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(Re)call Me Maybe: Re-evaluating Carly Rae Jepsen

Picture the scene: the year is 2012, you’ve spent the afternoon crimping your hair and messily applying glittery eyeshadow, and now you’re ready for the highlight of your social calendar: the famed Leavers’ Disco. Sure, you may not even be leaving school, and sure, you definitely don’t have a date, but this is it. Tonight is going to be your night.

You arrive at your grotty school hall-meets-gym, tottering on your kitten heels, and know exactly what you have to do first. Awkwardly avoiding your crush, you wobble over to the DJ, wait in the endless queue of sugar-high ten-year-olds, and prepare yourself to request the absolute best song in the world right now: “Call Me Maybe.”

Okay, so maybe we didn’t all have the same primary school experiences as me. But there’s no denying that for at least a year after its release, Carly Rae Jepsen’s annoyingly catchy pop single could not be escaped. It made her pretty much a household name, but not in a favourable light: she was branded a one-hit wonder. 

But of course, “Call Me Maybe” is not the only CRJ song most people know. Her other two hits came in the form of “Good Time”, a cheesy collaboration with Owl City (yes, of “Fireflies” fame), and “I Really Like You”, a pop hit famous for featuring Tom Hanks in its music video. It’s the latter of these which is most interesting in terms of Jepsen’s music career: this is because it came out in 2015, just before the release of her third album, Emotion.

One element of her career that has made Jepsen something of an internet music icon is her habit of releasing B-Side albums – both Emotion and her fourth studio album Dedicated were followed up by B-Side albums of almost the same length and quality as their predecessors. Alongside her collaborators, who include pop mastermind and Bleachers frontman Jack Antonoff, she can churn out consistently excellent pop music at double the speed of almost everyone else in the game… except Taylor Swift, perhaps.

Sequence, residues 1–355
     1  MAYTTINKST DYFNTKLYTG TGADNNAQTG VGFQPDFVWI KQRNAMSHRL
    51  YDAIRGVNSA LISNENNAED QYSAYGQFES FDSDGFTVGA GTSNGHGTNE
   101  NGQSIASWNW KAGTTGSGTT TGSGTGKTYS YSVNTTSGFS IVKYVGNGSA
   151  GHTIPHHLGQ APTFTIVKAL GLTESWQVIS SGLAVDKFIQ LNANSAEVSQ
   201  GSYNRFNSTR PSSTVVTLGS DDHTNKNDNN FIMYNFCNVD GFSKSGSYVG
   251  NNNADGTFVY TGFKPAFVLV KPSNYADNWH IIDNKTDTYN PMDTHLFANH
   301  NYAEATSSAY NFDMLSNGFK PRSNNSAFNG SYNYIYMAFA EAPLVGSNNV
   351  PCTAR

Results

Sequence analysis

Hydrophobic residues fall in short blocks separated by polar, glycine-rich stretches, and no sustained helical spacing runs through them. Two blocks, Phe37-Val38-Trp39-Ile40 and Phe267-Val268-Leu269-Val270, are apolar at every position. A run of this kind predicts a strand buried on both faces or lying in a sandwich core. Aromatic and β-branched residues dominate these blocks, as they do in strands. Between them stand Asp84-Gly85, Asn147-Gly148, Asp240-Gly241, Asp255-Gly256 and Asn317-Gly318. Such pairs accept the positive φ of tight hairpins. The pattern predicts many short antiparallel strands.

Pop music, especially by younger female singers, gets a reputation for being ‘bad’ or ‘trashy’. But what is pop music supposed to do in the first place? By putting on Katy Perry or Jessie J, you’re probably not looking for a quasi-religious experience. There’s no need for overly philosophical lyrics or boundary-pushing orchestral accompaniments; rather, you want catchy hooks, relatable lyrics, and, above all else, fun. Jepsen does this all flawlessly. 

Let’s look at an example: “Want You in My Room”, from Dedicated. The song starts with an instantly 80s-sounding rhythm. After the first verse we get an incredibly catchy pre-chorus complete with instrumental beats that it’s impossible not to dance to – this is one of the Antonoff tracks after all. The digitalised backing vocals make the chorus feel like it’s from another era – whether this is the eighties or the future is yet to be determined. The lyrics are very tongue-in-cheek, and far more risque than the candyfloss world of “Call Me Maybe” and “Good Time”: you’ll have ‘on the bed, on the floor’ stuck in your head endlessly. Coming in at just under three minutes, the track is a nugget of pure pop gold.

This is my message to you: forget about “Call Me Maybe’”. Listen to either Emotion or Dedicated with a fresh mindset. Think of her as the next exciting thing in pop rather than a tired one-hit-wonder. You’ll be surprised how much-preconceived notions influence your enjoyment of music. We all need a little joy right now, and Carly Rae Jepsen offers it in bucketloads. Do it for my lipgloss-covered ten-year-old self.

Image credit: Raph_ph via Wikimedia and Creative Commons

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